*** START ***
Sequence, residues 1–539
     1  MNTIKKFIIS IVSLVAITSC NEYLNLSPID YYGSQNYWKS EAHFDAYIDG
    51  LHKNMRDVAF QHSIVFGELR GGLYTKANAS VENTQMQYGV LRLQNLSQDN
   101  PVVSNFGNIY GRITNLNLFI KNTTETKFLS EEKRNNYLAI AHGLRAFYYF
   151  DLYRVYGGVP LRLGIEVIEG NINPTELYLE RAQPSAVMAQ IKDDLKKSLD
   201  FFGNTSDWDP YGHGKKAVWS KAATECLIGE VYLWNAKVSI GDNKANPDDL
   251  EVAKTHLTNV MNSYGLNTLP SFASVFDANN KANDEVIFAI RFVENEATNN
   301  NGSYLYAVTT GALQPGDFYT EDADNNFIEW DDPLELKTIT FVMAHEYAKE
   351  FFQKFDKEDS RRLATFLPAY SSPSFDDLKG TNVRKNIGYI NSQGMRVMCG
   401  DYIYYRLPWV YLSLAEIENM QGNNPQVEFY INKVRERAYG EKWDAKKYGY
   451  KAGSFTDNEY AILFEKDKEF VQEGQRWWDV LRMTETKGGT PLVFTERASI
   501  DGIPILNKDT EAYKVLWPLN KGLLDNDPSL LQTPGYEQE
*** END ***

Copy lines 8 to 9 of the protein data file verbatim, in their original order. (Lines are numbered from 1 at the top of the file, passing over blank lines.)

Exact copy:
   301  NGSYLYAVTT GALQPGDFYT EDADNNFIEW DDPLELKTIT FVMAHEYAKE
   351  FFQKFDKEDS RRLATFLPAY SSPSFDDLKG TNVRKNIGYI NSQGMRVMCG